DuBOIS — Aqua Pennsylvania Inc. has decided to temporarily suspend its application for constructing a new well station in Treasure Lake.
Aqua Director of Operations Pat Burke sent a letter Thursday to the Treasure Lake Property Owners Association Board to inform them of that decision.
In the letter to the TLPOA, dated Feb. 15, Burke stated that Aqua has requested that its application to the Sandy Township Board of Supervisors to construct a new well station along Barbary Coast Court in Treasure Lake be temporarily suspended to allow time for Aqua to address concerns raised by local constituents.
The current application was filed Dec. 21, 2017, and was scheduled for decision on or before March 29.
“Our suspension request will ask that the application be acted upon by May 7, 2018,” Burke stated in the letter.
“We’d like to express our appreciation to the POA and the township supervisors for their roles in sharing the concerns of their constituents, which helped us reach our decision,” Burke said.
“Although we feel comfortable that our due diligence was through and we came to the right decision, we are open to the concerns expressed by others and are willing to consider their positions,” Burke continued. “The suspension will give us time to do that.”
Burke also stated that the new, modern and more efficient well station is necessary to replace the current aging facility, which is nearing the end of its useful life.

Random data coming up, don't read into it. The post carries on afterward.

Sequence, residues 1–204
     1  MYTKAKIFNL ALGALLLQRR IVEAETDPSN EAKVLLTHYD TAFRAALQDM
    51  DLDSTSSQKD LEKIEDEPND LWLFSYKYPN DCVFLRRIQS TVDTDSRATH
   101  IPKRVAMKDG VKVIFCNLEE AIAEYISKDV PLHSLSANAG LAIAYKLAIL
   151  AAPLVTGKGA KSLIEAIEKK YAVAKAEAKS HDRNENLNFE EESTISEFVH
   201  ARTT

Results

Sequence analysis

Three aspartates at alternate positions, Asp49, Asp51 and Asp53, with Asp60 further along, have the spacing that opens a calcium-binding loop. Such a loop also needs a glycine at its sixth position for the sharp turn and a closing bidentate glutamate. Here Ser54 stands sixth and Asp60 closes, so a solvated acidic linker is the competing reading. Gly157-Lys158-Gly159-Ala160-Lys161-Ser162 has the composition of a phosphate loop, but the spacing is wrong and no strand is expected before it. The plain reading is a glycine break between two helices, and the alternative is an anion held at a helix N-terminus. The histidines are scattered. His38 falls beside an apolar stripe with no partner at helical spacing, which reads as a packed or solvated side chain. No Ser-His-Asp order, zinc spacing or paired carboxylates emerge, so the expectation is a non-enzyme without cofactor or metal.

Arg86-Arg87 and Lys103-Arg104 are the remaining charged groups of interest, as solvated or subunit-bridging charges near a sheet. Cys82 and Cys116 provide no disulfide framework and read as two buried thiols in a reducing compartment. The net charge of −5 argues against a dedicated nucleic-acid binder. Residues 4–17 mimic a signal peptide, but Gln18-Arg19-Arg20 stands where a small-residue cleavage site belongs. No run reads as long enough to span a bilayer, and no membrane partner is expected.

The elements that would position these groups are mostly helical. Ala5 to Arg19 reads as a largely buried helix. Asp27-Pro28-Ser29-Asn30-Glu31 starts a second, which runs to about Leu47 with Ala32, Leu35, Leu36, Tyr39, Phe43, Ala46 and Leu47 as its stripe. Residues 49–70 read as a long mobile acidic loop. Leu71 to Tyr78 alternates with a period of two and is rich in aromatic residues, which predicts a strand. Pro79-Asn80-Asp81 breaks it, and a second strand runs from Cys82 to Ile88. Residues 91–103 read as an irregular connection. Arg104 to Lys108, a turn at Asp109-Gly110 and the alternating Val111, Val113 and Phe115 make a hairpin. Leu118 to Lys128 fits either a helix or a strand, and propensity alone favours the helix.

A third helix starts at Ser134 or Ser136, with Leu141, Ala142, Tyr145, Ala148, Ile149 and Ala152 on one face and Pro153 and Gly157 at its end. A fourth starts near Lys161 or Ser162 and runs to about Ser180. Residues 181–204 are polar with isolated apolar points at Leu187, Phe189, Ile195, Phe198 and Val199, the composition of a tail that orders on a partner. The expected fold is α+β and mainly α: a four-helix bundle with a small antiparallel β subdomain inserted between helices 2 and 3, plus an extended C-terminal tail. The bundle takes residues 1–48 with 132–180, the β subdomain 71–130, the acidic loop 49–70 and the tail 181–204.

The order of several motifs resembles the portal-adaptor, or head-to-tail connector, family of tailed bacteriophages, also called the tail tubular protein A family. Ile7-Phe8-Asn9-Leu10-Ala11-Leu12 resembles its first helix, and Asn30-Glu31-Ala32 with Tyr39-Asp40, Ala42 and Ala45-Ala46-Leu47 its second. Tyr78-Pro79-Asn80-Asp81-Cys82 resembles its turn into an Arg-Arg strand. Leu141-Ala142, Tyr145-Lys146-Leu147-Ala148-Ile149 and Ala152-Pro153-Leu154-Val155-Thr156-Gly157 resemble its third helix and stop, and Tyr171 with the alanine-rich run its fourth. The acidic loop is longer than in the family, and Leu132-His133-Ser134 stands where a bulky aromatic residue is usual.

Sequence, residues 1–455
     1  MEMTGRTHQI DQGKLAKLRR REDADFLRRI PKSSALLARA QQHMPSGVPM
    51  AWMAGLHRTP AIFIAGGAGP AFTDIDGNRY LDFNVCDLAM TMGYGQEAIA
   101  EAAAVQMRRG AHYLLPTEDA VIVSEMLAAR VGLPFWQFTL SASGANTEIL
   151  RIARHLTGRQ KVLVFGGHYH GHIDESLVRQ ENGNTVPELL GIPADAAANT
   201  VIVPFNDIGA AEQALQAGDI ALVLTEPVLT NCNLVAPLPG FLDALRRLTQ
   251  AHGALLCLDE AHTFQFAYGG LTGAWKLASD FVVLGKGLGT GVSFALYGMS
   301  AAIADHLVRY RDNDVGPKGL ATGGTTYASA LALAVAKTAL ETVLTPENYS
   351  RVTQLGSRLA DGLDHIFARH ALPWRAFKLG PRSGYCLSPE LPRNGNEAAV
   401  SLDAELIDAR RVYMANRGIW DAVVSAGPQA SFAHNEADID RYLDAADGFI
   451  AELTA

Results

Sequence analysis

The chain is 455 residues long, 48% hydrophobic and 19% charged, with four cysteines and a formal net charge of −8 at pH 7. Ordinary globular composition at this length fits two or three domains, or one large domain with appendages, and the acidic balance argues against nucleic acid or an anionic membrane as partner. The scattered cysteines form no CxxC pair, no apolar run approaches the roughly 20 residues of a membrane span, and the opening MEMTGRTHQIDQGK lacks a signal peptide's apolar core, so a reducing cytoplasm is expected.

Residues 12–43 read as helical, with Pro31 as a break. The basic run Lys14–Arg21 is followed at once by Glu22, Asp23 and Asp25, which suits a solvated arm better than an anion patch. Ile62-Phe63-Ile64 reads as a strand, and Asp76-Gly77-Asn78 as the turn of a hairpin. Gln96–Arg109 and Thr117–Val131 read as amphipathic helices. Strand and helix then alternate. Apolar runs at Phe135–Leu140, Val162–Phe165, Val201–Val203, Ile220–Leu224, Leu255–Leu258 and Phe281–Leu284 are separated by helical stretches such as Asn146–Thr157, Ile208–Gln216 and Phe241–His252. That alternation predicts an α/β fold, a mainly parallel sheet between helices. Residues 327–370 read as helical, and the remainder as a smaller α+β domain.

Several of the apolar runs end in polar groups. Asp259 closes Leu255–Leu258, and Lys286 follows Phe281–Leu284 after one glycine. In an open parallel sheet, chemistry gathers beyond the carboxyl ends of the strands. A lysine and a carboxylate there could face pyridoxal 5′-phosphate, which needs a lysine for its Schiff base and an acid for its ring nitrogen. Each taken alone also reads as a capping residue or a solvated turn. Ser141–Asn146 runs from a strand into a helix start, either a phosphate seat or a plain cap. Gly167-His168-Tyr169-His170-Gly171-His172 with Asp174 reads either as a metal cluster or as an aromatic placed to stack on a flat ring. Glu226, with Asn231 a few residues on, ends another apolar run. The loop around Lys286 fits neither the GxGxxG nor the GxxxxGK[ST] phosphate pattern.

“The new well station will provide increased capacity and ensure reliable service into the future,” Burke said.
Once Aqua decides on its course of action, it will report back to the TLPOA, Burke said.
A public hearing regarding a request from Aqua for a modification to an existing planned residential development in Treasure Lake for a proposed water filtration plant was held Jan. 15 by the township supervisors. Although it was standing room only during the 2 1/2 hour hearing, no opportunity for public comment was given until the regular supervisors’ meeting that immediately followed. Several residents voiced their opposition to the location of the proposed well station at that time.
The most vocal concerns have been raised by Robert and Betsy Hooven, who live on Barbary Coast Court adjacent to where the proposed well station is to be built. Though they agree that the improvements are needed to improve water quality in Treasure Lake, they say the proposed location “would have a devastating effect on property values of the homes” and urged the supervisors to stop Aqua from building the well station near their home.
Treasure Lake has thousands of acres of property, Hooven said at the Feb. 5 regular supervisors’ meeting. That property is divided into vast open land, large and small parklets, commercial and residential property, he said.
“A building of this size and activity should not be built on residential numbered lots created for the purpose of building homes, raising families or retirement,” Hooven said.
The supervisors tabled taking any action on Aqua’s request at that meeting.